A: This is indeed a seeming paradox. Let’s take it one at a time. Firstly, about the Fellowship’s welcome in Lothlórien. If you read carefully, the Elves on the borders of Lórien, though at first suspicious, welcome the Company as graciously as they may and try to be courteous. They are willing to receive them and host them, though this is partly because Legolas is with them. They speak of Elrond’s messengers passing by Lórien on their way home up the Dimrill Stair. These are the Elves, you remember, that Elrond sent out to scour the countryside for sign or news of the Black Riders before he would allow the Company to set out, so they were not sent expressly for the purpose of telling those in Lórien about the Company. Okay, to answer the next points about the blindfolds and the surprise to see Gimli, I’ll have to work backwards. Galadriel and Celeborn already knew who and what were each member of the company. But, the border guards didn’t. When they saw a dwarf, they followed the law of the land, which stated that he wouldn’t even be allowed to enter Lothlórien. It was only on the say-so of Aragorn and Legolas that they let him in at all, because they were simply following the rules and didn’t know how a dwarf would be received in the City of the Galadhrim. “A dwarf!” said Haldir. “That is not well… they are not permitted in our land. I cannot allow him to pass… very good… we will do this, though it is against our liking. If Aragorn and Legolas will guard him, and answer for him, he shall pass; but he must go blindfold through Lothlórien.” So you see, their information was incomplete, but later we see that Galadriel had full information. Elves come out the forest and bring messages to Haldir. “Also, they bring me a message from the Lord and Lady of the Galadhrim. You are all to walk free, even the dwarf Gimli. It seems that the Lady knows who and what is each member of your Company. New messages have come from Rivendell perhaps.” *Perhaps.* Haldir really didn’t know how the Lady got her information, he just knew enough to know that she knew there was a dwarf in her land and she was commanding that he be allowed to walk free. For all we know, these messages may have come through the power of the rings. But here’s another question to throw on the fire. Is it really the rings which convey the power of communicating with thought? Does Tolkien actually state that? The quote runs thusly: “Often long after the hobbits were wrapped in sleep they would sit together under the stars, recalling the ages that were gone and all their joys and labours in the world, or holding council, concerning the days to come. If any wanderer had chanced to pass, little would he have seen or heard, and it would have seemed to him only that he saw grey figures, carved in stone, memorials of forgotten things now lost in unpeopled lands. For they did not move or speak with mouth, looking from mind to mind; and only their shining eyes stirred and kindled as their thoughts went to and fro.” Keep in mind that we are not speaking only of Gandalf, Elrond, and Galadriel, but also of Celeborn, who did not hold a ring. So was this a power of the rings that came to Celeborn by extension through Galadriel, or was it a power of the Eldar and of Gandalf as a Maiar? Tolkien doesn’t really say. So while I’m sure they used messengers when it suited them, I’m also willing to bet that Galadriel and Elrond and Celeborn, between them, had other ways of communicating, and since Tolkien didn’t specify how she got her information, we don’t really know how Galadriel knew what was going on. Also, don’t forget that Lothlórien was built and defended largely with the power of Galadriel’s ring, and I suspect that she had power to see what was passing on the borders of her land, possibly in the Mirror. So she had many ways of gathering news, and we’re left not knowing whether the telepathy was a function of the rings or a function of the minds of Eldar and Maia.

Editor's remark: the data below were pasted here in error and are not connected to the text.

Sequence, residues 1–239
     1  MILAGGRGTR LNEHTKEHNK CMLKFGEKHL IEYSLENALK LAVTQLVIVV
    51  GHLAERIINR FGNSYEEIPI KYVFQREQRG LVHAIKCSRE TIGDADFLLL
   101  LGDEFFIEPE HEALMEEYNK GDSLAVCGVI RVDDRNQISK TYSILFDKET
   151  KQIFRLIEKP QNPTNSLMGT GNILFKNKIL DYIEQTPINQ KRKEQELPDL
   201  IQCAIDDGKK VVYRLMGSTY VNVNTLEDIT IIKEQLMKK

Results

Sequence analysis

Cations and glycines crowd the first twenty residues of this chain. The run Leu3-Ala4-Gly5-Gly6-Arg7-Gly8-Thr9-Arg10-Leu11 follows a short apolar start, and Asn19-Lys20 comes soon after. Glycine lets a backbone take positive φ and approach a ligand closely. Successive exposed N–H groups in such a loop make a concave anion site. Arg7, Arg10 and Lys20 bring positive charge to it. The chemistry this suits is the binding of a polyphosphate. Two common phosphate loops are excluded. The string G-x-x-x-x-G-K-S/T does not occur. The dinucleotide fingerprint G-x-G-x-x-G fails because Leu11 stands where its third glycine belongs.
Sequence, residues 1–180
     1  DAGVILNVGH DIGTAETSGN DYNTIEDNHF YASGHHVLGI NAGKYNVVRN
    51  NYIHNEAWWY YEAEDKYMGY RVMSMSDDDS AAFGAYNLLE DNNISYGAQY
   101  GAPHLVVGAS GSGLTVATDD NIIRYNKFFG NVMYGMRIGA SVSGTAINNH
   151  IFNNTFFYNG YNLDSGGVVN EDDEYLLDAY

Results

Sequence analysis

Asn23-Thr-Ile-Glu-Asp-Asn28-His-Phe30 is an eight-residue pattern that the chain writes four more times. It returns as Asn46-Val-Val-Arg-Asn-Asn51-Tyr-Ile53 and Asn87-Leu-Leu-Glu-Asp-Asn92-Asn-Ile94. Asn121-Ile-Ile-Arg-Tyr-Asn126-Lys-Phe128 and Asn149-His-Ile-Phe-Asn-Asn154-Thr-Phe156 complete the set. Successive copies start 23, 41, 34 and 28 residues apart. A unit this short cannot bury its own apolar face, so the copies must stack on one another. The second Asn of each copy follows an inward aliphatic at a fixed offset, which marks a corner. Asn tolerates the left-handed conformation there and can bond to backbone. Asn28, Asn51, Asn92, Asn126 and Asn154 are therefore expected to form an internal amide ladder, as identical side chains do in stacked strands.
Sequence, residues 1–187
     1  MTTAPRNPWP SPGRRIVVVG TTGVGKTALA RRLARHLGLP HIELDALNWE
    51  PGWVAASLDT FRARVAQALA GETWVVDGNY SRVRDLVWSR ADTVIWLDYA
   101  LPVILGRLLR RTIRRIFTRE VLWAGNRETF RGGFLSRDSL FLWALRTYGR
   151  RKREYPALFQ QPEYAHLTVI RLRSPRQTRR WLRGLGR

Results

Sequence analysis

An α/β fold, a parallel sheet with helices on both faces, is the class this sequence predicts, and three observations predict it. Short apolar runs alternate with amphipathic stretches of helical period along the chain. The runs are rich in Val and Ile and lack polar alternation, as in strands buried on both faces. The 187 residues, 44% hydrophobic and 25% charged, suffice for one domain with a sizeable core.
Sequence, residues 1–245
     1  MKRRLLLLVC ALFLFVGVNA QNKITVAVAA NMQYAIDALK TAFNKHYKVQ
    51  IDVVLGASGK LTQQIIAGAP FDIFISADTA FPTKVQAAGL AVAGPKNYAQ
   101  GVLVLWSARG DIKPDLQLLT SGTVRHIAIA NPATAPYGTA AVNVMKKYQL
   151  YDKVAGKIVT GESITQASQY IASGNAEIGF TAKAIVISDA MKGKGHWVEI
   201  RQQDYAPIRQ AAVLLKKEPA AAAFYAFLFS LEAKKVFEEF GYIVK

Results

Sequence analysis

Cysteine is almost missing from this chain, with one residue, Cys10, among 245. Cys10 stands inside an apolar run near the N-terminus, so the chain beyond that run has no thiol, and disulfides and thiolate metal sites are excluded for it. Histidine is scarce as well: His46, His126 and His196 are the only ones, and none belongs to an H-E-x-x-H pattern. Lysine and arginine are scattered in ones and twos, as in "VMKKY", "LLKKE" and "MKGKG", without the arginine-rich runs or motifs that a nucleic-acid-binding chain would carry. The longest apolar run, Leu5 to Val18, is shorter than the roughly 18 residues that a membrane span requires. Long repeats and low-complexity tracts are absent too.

Q: What happened to Legolas? Did he eventually go over the Sea like the others? And could Sam have also gone at some later date?
–Judith A. Sullivan
A: Yes, and yes. Return of the King states in various places what happened to each member of the Company and especially those who had earned the privilege of sailing over-sea. The Tale of Years states it the most concisely. The entry for Shire-year 1482 runs thusly: “Death of Mistress Rose, wife of Master Samwise, on Mid-year’s Day. He comes to the Tower Hills, and is last seen by Elanor, to whom he gives the Red Book afterwards kept by the Fairbairns. Among them the tradition is handed down from Elanor that Samwise passed the Towers, and went to the Grey Havens, and passed over Sea, last of the Ring-bearers.” So it is oral tradition and not documented fact, but it seems logical and likely. Tale of Years goes on, with the entry for 1484 speaking of the deaths of Eomer, Merry and Pippin, and then the entry for 1541: “In this year on March 1st came at last the Passing of King Elessar. It is said that the beds of Meriadoc and Peregrin were set beside the bed of the great king. Then Legolas built a grey ship in Ithilien, and sailed down Anduin and so over Sea; and with him, it is said, went Gimli the Dwarf. And when that ship passed an end was come in Middle-earth of the Fellowship of the Ring.” So it is fact that Legolas went over Sea, and again oral tradition that Gimli went with him. In another place it is speculated that Galadriel remembered Gimli and obtained the grace for him to sail.